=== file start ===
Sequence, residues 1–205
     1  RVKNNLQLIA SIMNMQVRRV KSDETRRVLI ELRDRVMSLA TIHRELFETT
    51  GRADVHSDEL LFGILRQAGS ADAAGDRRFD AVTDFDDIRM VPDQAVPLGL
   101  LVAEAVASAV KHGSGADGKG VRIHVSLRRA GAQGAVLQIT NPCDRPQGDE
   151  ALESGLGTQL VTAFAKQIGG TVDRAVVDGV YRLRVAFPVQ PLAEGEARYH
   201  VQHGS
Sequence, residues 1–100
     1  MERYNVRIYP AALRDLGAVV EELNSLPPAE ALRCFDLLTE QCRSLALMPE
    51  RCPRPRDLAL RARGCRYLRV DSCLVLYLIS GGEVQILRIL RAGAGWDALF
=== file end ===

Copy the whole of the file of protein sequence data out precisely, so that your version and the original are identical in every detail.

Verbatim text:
Sequence, residues 1–205
     1  RVKNNLQLIA SIMNMQVRRV KSDETRRVLI ELRDRVMSLA TIHRELFETT
    51  GRADVHSDEL LFGILRQAGS ADAAGDRRFD AVTDFDDIRM VPDQAVPLGL
   101  LVAEAVASAV KHGSGADGKG VRIHVSLRRA GAQGAVLQIT NPCDRPQGDE
   151  ALESGLGTQL VTAFAKQIGG TVDRAVVDGV YRLRVAFPVQ PLAEGEARYH
   201  VQHGS
Sequence, residues 1–100
     1  MERYNVRIYP AALRDLGAVV EELNSLPPAE ALRCFDLLTE QCRSLALMPE
    51  RCPRPRDLAL RARGCRYLRV DSCLVLYLIS GGEVQILRIL RAGAGWDALF